Support for winning punters a surprise inclusion in Irish government report
A proposal that successful gamblers be protected was a surprising inclusion in the Irish government's inter-departmental gambling report, published on Wednesday.
David Stanton, the junior justice minister, announced the establishment of a watchdog to oversee reform of Ireland’s gambling laws, which it is hoped will help regulate a number of problems in the industry.
There has been unanimous support within government and the bookmaking industry for a modernisation of laws that date back to 1931.
The first draft of the Gambling Control Bill was drawn up in 2013, but its progress through the houses of the oireachtas has been slow.
The aim was to bring up to date the legislative framework for gambling in Ireland, principally to deal with the range of issues created by the massive growth of online betting.
The timeline for the launch of the watchdog or the implementation of the bill remains unclear.
Support for winning punters was an unexpected proposal alongside widely anticipated recommendations for sponsorship of sporting events to be limited, problem gamblers to be more closely monitored and fines to be imposed on companies that do not comply with more stringent regulations.
The report said bets should be “contractually enforceable”, which would pave the way for punters to take cases against bookmakers who renege on bets or alter terms after wagers are placed. The report also recommended that operators be banned from restricting successful customers.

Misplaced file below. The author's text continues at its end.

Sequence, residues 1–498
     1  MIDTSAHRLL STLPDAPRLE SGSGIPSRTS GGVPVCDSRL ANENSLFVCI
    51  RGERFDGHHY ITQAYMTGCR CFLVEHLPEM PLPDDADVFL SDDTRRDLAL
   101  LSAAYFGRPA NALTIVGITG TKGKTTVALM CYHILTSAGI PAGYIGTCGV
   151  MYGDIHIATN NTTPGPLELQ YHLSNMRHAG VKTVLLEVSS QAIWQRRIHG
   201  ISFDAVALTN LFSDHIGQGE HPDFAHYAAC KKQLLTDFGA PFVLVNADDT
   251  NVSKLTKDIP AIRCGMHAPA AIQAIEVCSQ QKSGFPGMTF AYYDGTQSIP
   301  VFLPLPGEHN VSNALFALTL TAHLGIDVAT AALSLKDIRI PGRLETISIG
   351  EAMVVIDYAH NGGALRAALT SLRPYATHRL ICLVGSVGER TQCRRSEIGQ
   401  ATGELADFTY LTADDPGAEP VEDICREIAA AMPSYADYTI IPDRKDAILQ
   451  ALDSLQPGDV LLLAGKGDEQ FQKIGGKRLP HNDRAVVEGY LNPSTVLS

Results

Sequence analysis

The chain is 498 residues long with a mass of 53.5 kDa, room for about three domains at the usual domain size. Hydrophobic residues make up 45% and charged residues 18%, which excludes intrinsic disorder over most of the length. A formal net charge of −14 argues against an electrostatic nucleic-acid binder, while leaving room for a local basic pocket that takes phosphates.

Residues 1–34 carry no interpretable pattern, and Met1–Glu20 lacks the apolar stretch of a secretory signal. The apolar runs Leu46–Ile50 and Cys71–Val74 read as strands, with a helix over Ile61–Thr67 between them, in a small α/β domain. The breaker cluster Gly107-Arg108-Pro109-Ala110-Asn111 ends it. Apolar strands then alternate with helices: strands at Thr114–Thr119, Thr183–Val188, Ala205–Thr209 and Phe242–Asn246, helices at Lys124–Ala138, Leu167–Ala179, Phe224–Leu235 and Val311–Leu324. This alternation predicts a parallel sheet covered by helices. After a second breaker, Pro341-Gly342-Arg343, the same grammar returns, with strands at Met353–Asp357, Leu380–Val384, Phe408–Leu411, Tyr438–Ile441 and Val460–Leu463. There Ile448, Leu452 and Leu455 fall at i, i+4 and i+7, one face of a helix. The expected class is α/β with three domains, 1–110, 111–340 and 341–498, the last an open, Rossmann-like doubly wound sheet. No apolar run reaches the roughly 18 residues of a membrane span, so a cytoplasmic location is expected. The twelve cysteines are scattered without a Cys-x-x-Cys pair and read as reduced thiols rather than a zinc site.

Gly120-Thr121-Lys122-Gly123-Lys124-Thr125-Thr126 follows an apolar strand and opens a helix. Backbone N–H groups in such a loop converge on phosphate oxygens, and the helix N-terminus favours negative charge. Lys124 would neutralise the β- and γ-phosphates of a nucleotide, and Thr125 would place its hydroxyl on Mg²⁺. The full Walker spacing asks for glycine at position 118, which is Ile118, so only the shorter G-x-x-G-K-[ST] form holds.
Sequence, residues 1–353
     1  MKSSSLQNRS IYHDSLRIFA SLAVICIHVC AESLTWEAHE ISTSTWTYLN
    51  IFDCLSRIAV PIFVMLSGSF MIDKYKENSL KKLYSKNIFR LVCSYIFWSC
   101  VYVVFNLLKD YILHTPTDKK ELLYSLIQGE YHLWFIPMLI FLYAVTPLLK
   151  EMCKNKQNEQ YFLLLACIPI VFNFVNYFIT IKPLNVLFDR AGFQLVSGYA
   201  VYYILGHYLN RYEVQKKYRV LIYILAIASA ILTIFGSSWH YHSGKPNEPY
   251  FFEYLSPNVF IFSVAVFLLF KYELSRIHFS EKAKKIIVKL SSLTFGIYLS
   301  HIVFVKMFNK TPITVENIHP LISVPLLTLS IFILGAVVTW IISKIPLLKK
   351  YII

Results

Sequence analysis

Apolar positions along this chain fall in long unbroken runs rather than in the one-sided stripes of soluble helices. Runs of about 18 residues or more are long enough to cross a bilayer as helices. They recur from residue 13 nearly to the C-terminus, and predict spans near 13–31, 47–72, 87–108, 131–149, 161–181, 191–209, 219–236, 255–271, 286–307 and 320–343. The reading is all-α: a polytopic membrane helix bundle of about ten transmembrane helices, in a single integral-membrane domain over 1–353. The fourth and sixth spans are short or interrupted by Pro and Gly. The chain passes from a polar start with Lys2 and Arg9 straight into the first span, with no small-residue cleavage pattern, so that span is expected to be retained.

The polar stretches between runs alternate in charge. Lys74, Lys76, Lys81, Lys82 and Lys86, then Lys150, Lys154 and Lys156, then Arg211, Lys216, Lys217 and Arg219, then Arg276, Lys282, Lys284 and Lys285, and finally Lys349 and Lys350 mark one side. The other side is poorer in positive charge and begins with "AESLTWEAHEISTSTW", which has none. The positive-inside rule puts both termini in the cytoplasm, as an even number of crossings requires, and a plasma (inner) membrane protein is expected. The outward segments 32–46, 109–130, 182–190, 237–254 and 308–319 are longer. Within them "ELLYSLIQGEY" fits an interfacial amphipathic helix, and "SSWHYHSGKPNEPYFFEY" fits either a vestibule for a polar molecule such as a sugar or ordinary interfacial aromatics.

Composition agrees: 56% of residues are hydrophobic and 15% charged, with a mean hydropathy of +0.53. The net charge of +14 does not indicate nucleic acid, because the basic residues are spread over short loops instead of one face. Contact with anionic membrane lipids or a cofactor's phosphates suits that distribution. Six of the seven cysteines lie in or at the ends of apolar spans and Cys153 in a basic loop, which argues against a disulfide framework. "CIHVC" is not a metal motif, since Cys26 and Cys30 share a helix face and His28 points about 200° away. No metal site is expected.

Explaining the aims of the watchdog, Stanton said: “The government has made a major commitment to the modernisation of our licensing and regulatory environment for gambling.
“It will require resources. However, the ultimate aim is that the regulatory authority will be self-financing through fees and levies imposed on licensed gambling operators.”
Stanton estimated the gambling industry to be worth between €6 billion and €8 billion and said it is still growing, particularly online.
The report also proposed limiting promotions and bringing an end to customers receiving VIP treatment, a practice that came to light in the case of Tony O’Reilly, a postman who was jailed in 2012 after he stole €1.75 million from An Post to fund his gambling.
The Irish Bookmakers Association (IBA), the representative body for betting operators in Ireland, welcomed the report as a step forward.
Sharon Byrne, chairperson of the IBA, said: “We're hopeful this will be the final step towards completion and enactment of the Gambling Control Bill and an independent regulator. Our members have already introduced many of the advertising standards, customer monitoring and customer protection measures recommended by regulators in other countries.
“We have also funded a national problem gambling helpline and counselling network across Ireland for over eight years.”
She added: “However, an independent regulator and Gambling Control Bill will ensure enforcement and compliance by all gambling operators, not just betting shops, which will lead to better consumer protections and support for those who may be vulnerable to addiction.
“We hope the way is now clear for the department to draft the heads of a new bill and introduce a regulator as soon as possible.”
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